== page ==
Five ways to forget you’re homesick
Feeling homesick? Jess Furney, our NUI Galway and Canadian Ambassador, gives us five ways to battle the bad feels while studying abroad in Ireland…
I still wander through the alleys, madly snapping pictures of the wizened old men smoking their cigars on the cobblestones lanes and of any particularly Irish artwork on the stone town walls. Sometimes it feels surreal and I like cataloguing my life here. My phone’s photo album is full of Irish signs, street décor and remnants from the holiday season, getting tea with new friends, nights out, goofy photos – and then there’s some snapshots of friends and family back in Canada, snapshots that make me pause on occasion when I recall the distance between us.
It’s easy to forget sometimes, due to the pervasiveness of FaceTime, Facebook, Twitter, WhatsApp, Viber and all this social media, that I really did make a transatlantic move and there’s an eight-hour difference in our realities. It’s easy to forget in building a new life in a new country our friends back home (something I am guilty of on occasion) and conversely, it’s easy to forget to let go enough of these people to be able to start something new here. I’m coming up to my year-anniversary of my move to Ireland, and since I’ve no idea what is next after I submit my thesis in August, it’s difficult not to get bogged down in the scariness of not knowing and missing the familiarity of home. For many in my program – myself included – homesickness is creeping up, and it’s important to address before it starts to overwhelm.
Five ways to battle homesickness here in Ireland:
- Take a day trip. A mini-getaway can do wonders as a distraction. A bunch of us travelled to the Aran Islands, and have a trip to the Cliffs on the books for when the weather clears up. Inis Mòr is the largest island of the three and was as pretty as the calendars say. We biked around its periphery, pet horses, and stopped far too many times to catch our breath (all that Irish bread and cheese catching up with us!) and take it all in.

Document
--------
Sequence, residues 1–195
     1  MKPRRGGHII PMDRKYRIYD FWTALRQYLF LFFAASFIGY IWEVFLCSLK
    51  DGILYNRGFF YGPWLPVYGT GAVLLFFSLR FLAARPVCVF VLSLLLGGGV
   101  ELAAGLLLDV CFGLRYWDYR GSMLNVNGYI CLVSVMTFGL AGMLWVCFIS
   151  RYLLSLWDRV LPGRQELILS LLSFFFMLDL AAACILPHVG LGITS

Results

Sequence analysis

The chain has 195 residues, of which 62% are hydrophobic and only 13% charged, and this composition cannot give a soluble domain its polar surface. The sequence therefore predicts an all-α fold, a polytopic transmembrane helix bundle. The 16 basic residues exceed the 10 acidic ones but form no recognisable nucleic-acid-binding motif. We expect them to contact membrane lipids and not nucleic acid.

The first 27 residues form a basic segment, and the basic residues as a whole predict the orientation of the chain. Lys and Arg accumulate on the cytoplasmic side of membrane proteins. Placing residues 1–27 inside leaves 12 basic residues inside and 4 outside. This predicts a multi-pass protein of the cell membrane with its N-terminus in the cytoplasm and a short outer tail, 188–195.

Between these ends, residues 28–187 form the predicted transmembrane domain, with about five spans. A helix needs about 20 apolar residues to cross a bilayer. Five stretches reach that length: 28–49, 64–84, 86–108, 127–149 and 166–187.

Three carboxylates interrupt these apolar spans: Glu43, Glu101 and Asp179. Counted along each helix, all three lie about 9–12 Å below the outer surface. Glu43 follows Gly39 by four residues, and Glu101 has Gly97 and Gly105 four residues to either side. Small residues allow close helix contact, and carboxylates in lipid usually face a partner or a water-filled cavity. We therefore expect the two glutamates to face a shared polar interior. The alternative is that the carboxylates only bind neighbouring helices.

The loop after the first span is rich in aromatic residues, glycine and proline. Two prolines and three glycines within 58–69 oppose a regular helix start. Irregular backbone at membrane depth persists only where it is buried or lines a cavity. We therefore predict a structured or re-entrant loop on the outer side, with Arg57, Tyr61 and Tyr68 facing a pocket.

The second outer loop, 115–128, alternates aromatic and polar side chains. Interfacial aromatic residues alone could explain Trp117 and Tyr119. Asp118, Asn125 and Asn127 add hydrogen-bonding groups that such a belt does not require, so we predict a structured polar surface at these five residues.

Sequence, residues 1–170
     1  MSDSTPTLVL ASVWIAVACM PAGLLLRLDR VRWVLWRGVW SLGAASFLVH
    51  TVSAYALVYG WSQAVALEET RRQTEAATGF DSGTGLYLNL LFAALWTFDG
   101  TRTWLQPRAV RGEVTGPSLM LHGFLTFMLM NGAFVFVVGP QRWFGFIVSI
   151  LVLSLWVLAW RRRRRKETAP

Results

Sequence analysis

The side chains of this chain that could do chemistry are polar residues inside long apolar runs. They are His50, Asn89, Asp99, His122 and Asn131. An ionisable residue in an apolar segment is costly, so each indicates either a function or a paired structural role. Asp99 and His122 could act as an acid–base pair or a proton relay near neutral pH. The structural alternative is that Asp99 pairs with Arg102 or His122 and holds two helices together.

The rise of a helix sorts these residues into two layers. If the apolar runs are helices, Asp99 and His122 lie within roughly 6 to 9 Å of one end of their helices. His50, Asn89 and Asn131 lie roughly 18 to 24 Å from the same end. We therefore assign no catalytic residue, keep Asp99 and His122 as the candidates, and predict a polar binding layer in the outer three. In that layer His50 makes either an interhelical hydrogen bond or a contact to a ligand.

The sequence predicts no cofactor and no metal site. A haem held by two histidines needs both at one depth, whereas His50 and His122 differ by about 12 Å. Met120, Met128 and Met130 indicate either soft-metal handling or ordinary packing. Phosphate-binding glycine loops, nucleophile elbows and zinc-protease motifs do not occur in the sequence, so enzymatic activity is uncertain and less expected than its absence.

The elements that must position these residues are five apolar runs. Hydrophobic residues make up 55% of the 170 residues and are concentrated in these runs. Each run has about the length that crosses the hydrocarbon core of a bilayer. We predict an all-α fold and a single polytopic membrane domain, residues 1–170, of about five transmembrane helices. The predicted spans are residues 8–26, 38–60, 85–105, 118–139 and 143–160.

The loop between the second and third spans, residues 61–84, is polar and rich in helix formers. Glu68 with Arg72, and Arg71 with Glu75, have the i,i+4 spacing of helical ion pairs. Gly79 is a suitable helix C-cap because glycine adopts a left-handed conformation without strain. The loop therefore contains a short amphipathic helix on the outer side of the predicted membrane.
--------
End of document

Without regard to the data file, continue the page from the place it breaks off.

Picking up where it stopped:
- Instead of getting lost in clicking through Facebook profiles endlessly to see what people back home are up to, pull up your email and write one of those instead to a friend over there. It’ll allow you to reminisce on your experiences here, share the good and bad times, and allow your friend a peek into your life here as well. It’s hard to maintain friendships over distance, so this will allow for reconnecting through a medium that allows you to elaborate more and doesn’t require the instant back-and-forth conversation that may not be possible with the time difference.
- Pull out a sketchbook or your journal. Similarly to an email, it’s a way to both express your feelings and build a physical repertoire of your journey, yet also be present. Many here sit along the Long Walk or in a coffee shop in the bustling town with their tea and their books. If art isn’t your thing, try a postcard or letter.
- Join a local organisation or a school club. Or a gym. Or volunteer. One of my best decisions here was joining JCI Galway, an international network for young professionals and entrepreneurs; I have been so busy with events and meeting new people that I don’t have time to dwell on who or what I’m missing. Other ones to check out include NUIG’s student volunteering program, ALIVE; Amnesty International Galway; NUIG’s Harry Potter Society; the Sober Society; Galway City Harriers, a running club, and so on. Friends have joined CrossFit, book clubs, and writing groups, as well. Galway is a very diverse community in its interests and events – a simple Google search or chat with a Society Officer at NUIG will spark some inspiration, if this list hasn’t.
- Call up some friends and go to a trad music night at a pub nearby. Chances are you’ll get pulled up to do an Irish jig and you’ll soon forget your worries. The top five trad music pubs here in Galway are Taaffes Bar, the Crane Bar, Tigh Coili, Tigh Fox Trad House, and Monroes Tavern.
It’s important to remember the homesickness will ease. It’s normal to miss the old familiarity when things get stressful or a conversation with a close friend back home starts to get you doubting your choices. However, you are on the right path, and this will pass.